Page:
“Don’t talk to me about diversity now: it’s not even in my top five priorities!”
So said a senior leader to his Director of Diversity and Inclusion. He might think that given the current crisis, this is an understandable point of view. His energies are naturally directed elsewhere and being asked to consider the diversity implications of the decisions that he and his team are making can seem a totally misplaced and misjudged request.
For too many leaders, diversity means nothing more than the representation of different groups of people at all levels in the organisation. Targets, particularly for gender, will be established (although rarely met). It’s seen as a numbers game.
As for other actions, there is a list of well-established initiatives that organisations will undertake and that leaders are prepared to endorse. For example, there will be a calendar of celebratory events, such as International Women’s Day or Black History Month, but in reality, it’s a checklist exercise. For these limited efforts, some organisations will seek to win awards which they will then publicise heavily on their websites. It’s a form of organisational virtue signalling.
If that is what diversity means to those who run our organisations, then, of course, it will be irrelevant at this particular moment in time. If, however, diversity was genuinely about ensuring that organisations make the most of the talent that they have, then it will always be a central issue of concern. In the particular case above, the Director of Diversity and Inclusion was asking her boss to look at the way that they were about to consider redundancy decisions. Her concern was that, because of the pressure that people were under, their decisions would not be the right ones and could be unfair.
The research is quite clear on this and supports her concerns. When we are under pressure, when we feel the need to make decisions quickly, and when we are tired and mentally overloaded, the likelihood of making biased decisions increases. There is every reason to think that that this will be the case in the current climate.
There are some simple steps, which take little time to put into action but which will help leaders to increase the effectiveness of the decisions that are taken.
1. Follow your processes
Many large organisations have well-established processes for making important decisions, such as managing performance and making redundancies. Although some people may wish it to be so, this is not the time to throw the rulebook overboard so that we can act more quickly. It doesn’t take long to listen to the advice of people who know about the processes and can guide us in implementing them effectively.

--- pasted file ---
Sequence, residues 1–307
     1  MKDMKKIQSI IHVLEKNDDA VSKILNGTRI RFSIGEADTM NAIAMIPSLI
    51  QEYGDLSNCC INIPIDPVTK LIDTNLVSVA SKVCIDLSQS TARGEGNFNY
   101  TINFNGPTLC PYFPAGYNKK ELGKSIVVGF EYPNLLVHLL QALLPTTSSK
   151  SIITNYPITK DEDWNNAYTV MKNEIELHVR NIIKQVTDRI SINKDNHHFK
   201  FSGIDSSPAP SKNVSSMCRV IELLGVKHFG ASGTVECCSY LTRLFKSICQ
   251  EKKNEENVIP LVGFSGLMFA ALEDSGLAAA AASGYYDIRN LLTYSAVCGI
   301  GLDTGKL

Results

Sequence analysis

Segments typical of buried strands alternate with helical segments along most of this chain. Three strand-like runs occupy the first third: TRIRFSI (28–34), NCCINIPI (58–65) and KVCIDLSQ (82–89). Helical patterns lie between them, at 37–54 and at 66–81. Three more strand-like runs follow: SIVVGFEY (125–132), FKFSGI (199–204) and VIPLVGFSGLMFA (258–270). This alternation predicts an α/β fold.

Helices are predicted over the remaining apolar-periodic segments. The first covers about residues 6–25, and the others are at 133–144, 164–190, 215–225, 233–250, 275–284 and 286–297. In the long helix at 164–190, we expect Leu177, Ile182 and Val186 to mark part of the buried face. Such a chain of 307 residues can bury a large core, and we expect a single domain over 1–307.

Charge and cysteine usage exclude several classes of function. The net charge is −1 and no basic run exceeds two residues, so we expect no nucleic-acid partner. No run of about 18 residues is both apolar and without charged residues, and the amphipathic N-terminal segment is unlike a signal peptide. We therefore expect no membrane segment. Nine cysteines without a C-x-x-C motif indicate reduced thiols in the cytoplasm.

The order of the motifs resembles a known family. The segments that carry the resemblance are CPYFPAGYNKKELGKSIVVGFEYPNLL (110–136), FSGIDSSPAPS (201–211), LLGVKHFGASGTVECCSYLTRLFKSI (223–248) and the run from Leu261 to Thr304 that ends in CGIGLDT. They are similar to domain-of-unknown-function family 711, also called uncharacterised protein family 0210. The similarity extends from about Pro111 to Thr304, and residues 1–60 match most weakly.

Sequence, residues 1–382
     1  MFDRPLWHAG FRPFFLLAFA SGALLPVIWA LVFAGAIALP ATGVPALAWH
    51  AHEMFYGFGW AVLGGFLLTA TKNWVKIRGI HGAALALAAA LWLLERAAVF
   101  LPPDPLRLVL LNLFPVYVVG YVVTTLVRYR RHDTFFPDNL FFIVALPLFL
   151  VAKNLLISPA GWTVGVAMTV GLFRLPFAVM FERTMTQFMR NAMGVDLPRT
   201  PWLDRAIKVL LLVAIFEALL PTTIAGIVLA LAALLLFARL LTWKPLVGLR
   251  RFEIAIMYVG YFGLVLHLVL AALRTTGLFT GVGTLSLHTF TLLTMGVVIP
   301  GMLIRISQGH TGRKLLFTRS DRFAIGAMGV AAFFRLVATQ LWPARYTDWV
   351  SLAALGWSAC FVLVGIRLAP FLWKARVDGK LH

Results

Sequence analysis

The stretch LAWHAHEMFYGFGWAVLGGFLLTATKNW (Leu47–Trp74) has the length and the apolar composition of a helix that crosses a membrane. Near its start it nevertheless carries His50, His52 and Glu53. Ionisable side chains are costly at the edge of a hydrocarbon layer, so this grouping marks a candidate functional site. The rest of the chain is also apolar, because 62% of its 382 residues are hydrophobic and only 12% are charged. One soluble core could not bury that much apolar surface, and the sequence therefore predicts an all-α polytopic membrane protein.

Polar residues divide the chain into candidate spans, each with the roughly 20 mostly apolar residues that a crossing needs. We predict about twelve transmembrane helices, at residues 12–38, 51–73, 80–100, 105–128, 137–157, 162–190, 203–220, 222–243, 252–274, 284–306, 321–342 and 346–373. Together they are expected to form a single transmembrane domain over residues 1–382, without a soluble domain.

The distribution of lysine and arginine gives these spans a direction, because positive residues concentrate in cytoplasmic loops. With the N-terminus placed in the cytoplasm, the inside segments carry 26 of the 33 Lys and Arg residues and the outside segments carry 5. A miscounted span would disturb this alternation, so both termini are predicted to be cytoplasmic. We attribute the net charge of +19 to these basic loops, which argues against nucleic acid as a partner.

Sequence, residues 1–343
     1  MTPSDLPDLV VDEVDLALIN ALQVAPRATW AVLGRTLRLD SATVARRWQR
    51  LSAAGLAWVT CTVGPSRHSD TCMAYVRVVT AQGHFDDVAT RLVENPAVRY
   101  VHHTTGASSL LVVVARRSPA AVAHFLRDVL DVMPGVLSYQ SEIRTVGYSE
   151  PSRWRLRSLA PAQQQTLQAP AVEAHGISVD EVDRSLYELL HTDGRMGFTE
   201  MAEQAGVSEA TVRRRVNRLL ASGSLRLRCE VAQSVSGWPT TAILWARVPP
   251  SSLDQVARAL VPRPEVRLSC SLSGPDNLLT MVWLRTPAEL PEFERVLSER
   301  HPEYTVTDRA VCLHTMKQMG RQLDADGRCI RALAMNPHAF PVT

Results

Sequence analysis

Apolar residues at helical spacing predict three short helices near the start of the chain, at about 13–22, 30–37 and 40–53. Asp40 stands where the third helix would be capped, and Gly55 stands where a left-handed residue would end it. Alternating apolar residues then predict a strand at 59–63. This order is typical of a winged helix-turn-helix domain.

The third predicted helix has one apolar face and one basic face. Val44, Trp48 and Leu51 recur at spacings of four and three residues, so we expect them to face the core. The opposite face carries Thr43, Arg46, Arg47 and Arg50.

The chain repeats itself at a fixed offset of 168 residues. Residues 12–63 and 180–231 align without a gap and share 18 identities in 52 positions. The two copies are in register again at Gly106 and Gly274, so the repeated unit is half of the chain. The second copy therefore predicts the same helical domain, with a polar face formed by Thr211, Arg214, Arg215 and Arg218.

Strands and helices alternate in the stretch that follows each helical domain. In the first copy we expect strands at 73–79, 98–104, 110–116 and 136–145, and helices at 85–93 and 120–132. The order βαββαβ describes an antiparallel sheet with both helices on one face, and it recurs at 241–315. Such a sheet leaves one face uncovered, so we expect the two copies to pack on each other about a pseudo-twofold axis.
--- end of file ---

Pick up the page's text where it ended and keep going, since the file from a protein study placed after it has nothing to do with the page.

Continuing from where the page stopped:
2. Set fairness as a goal
When making tough decisions in these most testing of times, people will be told the purpose of what they are doing. At that moment of clarifying aims, make clear to everyone involved that it is equally imperative that the decisions are taken fairly. A simple instruction like this, reminding people of the importance of fairness, is often an effective way of reducing potential bias.
3. Ask people to be accurate in their decision-making
Research has again shown that an instruction like this helps to guide the decision-making process for everyone involved. When asked to make their decisions in this way, people operate more objectively and are less likely to be influenced by stereotypes and prejudgements.
4. Instruct yourself to be fair
Tell yourself out loud that, “If I am making these decisions, then I will be fair.” It’s a simple instruction, takes little time and yet it has been found to be very useful in helping people to make fairer decisions. The ‘If this, then that…” formulation has successfully changed behaviour for many people in a range of different contexts, such as in health and safety, as well as in the area of reducing bias.
5. Challenge those who are not being fair
If a colleague is dismissive of the need for diversity, don’t just leave it to the Diversity Manager to reconsider; challenge them yourself. Many organisations have created diversity allies and diversity champions, and this is the time that they can make the greatest impact.
These five actions demonstrate that with a little forethought, care and professionalism, we can indeed make fairer and better decisions.
— Professor Binna Kandola, co-founder and senior partner